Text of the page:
Barefoot vets - a stop-gap measure
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CTA. 2003. Barefoot vets - a stop-gap measure. Rural Radio Resource Pack 03/03. Wageningen, The Netherlands: CTA.
Permanent link to cite or share this item: https://hdl.handle.net/10568/57334
Dr Sultan of FARM-Africa Tanzania discusses a project to train community animal health workers, describing the training system, the benefits the barefoot vets are offering to communities and their relationship with government veterinary services.
Cue: In dealing with the challenge of poor veterinary facilities and low staff numbers, training local people as community animal health workers, or barefoot vets, has plenty of advantages. The training may only take a few weeks, and because the barefoot vets are already living in rural areas, it is much easier for them to serve dispersed farming communities. But training schemes of this kind are not always popular with agricultural ministries, particularly if the barefoot vets do not fall under their regulation. There have also been doubts about the professionalism of some trainees, who may prescribe drugs or treatments that are not needed in order to increase their earnings. To learn more about the benefits and problems associated with community animal health workers, Lazarus Laiser visited FARM-Africa, an organisation which has been training barefoot vets in Tanzania. He spoke to Dr Sultan, who began by describing the training process. IN: ?Actually it takes four weeks ? OUT: ?government will give them support? DUR?N 3?46? BACK ANNOUNCEMENT: Dr Sultan of FARM-Africa Tanzania urging the government to support the training of community animal health workers. Transcript Sultan Actually it takes four weeks and the training entails practical and theory. And after completion of the training we also give them a starter kit and this starter kit is free. And the starter kit is comprising of castrator, knapsack sprayer, hoof trimmer, syringes, needles and some drugs. This is a package, and we said that if we give this starter kit then they can regenerate income because the community based animal health workers are working, charging the services that they are offering to the community. So they will get the money, and with the money that they get they will replenish the drugs and also maybe buy other equipment if they are broken. Laiser Are the farmers now getting good services from their barefoot vet? Sultan Yes the farmers actually now are getting good service bearing in mind that these community based animal health workers are very close to the household. So it means to say that they no longer bother now to go to look for a village extension officer who maybe is residing about 10 ? 15 kilometres away from where he is. So at least they have assisted them tremendously because they are very close now to the households, closer to the animals. Laiser If you compare the number of animals that were dying before these animal health officers, what can you say about this? Sultan They have assisted tremendously to reduce the death, that is mortality and also to reduce the illness. Because if you compare soon after the government had withdrawn from provision of animal health care because there was a gap of about 5-10 years that there was no animal health providers in some villages. So it means that many villagers they just turned to become health providers and they caused a lot of illness or they caused a lot of death to animals because they were not trained actually to offer such services. Laiser What can you say to the government of Tanzania regarding these animal health officers in the villages? Sultan Tanzania is third in Africa for having a large number of livestock, we have 17 million. And this 17 million head of cattle are found in the villages. So those who are suffering actually are the villagers. And these community based animal health workers are not dangerous, they are not going to hamper the system. The only thing is, they are assisting. They are actually a stop-gap measure. And we believe that maybe in 10-15 years to come when the government is in a good position to train these village extension officers and diploma holders, these people will eventually be replaced by those who are coming. But for the time being there is no way, we have at least to assist them. And since they are working hand in hand with the village government officers, I don?t think there is any problem regarding the misuse of drugs or going against the ethics, because they actually don?t do things which the village extension officer can do. For example they don?t do operation, they don?t attend major cases, they only do these primary health cases. And the one issue which maybe I would also like to air out is, the village government is empowered to withdraw all the kits and drugs from the trained community based animal health workers if the performance is dropping down, maybe because of laziness and what have you. So I hope and I believe that the government will give them support. End of track.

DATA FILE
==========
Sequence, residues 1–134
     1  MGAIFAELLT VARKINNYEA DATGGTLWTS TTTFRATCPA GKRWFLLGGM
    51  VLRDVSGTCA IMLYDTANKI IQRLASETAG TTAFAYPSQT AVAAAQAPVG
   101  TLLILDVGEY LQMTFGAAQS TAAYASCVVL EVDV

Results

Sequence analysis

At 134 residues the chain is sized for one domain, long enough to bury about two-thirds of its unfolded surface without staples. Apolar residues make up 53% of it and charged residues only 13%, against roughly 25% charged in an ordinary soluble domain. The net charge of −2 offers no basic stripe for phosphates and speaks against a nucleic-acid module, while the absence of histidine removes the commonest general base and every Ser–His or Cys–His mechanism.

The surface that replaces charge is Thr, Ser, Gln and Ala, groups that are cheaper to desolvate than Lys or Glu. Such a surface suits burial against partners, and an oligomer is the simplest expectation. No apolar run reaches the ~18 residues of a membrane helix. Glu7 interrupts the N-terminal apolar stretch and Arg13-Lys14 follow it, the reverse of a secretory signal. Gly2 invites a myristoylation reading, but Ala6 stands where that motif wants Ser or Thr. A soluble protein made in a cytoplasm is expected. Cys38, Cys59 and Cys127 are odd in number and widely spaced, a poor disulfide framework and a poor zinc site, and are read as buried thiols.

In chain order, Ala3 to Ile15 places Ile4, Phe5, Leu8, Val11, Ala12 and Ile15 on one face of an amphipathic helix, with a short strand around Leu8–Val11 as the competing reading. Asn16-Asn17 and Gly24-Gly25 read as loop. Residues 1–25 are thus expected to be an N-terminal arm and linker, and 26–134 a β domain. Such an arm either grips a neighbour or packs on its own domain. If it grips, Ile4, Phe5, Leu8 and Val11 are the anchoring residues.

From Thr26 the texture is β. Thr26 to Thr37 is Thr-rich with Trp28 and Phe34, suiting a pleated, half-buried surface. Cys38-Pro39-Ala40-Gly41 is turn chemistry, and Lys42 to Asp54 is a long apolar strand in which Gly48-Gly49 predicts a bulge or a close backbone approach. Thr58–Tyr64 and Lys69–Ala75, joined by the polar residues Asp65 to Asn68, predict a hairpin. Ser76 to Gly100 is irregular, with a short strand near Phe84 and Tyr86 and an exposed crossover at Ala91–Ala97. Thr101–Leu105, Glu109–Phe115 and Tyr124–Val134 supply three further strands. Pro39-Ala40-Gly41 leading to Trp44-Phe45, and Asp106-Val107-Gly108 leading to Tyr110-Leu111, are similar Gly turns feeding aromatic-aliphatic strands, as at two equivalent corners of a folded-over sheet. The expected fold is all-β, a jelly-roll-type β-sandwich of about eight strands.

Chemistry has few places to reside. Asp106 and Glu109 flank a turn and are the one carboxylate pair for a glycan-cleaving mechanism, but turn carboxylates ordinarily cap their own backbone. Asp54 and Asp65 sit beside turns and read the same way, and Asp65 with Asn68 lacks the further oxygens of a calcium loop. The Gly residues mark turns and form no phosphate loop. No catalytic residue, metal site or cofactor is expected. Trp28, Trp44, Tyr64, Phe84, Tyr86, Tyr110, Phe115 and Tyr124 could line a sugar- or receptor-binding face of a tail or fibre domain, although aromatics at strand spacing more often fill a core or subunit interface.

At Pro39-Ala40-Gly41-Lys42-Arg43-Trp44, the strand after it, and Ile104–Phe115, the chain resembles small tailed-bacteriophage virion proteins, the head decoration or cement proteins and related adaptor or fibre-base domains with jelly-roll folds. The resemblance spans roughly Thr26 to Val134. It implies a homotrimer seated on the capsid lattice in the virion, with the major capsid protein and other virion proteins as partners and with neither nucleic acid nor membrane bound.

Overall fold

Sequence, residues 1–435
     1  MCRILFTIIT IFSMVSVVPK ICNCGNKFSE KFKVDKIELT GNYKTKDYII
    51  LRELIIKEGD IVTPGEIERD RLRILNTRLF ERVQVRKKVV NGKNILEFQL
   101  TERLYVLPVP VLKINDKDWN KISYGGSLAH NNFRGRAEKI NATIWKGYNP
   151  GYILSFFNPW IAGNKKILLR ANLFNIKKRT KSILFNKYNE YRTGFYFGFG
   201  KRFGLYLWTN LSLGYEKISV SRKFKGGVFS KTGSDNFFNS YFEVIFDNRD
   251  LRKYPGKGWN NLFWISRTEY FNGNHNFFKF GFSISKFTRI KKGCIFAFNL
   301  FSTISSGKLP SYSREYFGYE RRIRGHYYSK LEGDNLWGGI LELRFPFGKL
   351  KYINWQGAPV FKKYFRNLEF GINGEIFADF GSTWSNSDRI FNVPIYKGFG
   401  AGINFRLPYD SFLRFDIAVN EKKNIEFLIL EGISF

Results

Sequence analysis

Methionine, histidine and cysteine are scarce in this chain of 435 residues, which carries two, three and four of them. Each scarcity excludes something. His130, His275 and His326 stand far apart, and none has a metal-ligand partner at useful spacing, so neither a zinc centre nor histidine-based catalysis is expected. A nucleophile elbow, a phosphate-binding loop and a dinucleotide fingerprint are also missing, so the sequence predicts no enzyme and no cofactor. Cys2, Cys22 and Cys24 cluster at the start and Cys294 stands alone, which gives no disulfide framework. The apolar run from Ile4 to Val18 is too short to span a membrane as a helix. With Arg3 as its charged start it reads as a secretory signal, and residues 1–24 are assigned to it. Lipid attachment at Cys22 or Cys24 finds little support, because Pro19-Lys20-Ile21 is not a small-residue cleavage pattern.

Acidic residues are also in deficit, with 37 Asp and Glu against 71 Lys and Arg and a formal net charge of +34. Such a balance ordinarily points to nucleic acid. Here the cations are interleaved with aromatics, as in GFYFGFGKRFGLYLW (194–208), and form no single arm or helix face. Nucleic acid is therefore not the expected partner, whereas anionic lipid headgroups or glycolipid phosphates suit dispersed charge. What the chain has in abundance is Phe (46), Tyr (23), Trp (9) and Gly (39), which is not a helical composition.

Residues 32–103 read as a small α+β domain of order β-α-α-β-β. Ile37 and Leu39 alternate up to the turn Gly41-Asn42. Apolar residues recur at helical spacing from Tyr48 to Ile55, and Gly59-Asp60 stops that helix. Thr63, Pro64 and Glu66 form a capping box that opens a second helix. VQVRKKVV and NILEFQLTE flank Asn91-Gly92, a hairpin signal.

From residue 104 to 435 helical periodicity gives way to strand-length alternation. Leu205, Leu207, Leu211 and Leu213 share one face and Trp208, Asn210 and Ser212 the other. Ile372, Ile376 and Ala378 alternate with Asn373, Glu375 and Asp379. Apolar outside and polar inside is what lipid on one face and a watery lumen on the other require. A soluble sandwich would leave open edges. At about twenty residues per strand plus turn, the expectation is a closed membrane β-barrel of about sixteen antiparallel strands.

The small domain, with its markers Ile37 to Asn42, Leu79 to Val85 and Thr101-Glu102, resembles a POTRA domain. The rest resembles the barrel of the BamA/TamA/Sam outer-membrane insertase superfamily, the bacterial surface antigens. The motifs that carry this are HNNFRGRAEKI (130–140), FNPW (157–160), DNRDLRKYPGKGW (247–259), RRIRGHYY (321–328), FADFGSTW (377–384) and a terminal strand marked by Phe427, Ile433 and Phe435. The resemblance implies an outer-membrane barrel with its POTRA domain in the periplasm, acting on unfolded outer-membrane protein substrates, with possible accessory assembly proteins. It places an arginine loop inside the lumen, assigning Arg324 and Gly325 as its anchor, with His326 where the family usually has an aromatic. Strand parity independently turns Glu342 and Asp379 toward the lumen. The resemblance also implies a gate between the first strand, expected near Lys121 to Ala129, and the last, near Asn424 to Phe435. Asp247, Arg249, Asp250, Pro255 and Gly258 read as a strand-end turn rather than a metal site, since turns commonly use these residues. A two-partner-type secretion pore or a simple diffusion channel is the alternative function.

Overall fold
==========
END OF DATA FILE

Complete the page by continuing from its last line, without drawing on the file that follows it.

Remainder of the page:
- CTA Rural Radio